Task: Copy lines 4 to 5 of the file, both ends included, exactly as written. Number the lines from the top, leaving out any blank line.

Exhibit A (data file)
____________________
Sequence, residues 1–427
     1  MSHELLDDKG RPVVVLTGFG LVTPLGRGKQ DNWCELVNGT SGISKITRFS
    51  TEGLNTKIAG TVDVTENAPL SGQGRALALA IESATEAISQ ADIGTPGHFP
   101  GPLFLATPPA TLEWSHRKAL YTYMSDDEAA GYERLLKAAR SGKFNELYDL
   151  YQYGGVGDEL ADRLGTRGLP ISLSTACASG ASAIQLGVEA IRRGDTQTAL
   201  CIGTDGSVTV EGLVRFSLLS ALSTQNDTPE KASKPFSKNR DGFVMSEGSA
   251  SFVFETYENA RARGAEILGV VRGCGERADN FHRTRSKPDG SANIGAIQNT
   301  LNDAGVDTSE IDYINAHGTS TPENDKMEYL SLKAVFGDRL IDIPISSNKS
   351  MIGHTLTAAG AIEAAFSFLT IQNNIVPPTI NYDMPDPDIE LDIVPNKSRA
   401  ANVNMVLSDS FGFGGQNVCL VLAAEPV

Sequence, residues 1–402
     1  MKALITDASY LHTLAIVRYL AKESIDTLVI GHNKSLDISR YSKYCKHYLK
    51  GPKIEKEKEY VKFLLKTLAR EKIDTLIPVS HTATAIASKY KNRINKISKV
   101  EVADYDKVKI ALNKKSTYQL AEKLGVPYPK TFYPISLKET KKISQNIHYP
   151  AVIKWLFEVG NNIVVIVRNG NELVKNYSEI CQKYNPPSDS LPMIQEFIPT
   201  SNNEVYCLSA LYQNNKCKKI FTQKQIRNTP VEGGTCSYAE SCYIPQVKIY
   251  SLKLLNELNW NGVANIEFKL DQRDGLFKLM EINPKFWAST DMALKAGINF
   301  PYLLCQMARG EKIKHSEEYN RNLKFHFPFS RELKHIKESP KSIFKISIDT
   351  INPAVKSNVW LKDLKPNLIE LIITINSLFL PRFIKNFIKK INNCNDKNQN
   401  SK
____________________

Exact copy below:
   101  GPLFLATPPA TLEWSHRKAL YTYMSDDEAA GYERLLKAAR SGKFNELYDL
   151  YQYGGVGDEL ADRLGTRGLP ISLSTACASG ASAIQLGVEA IRRGDTQTAL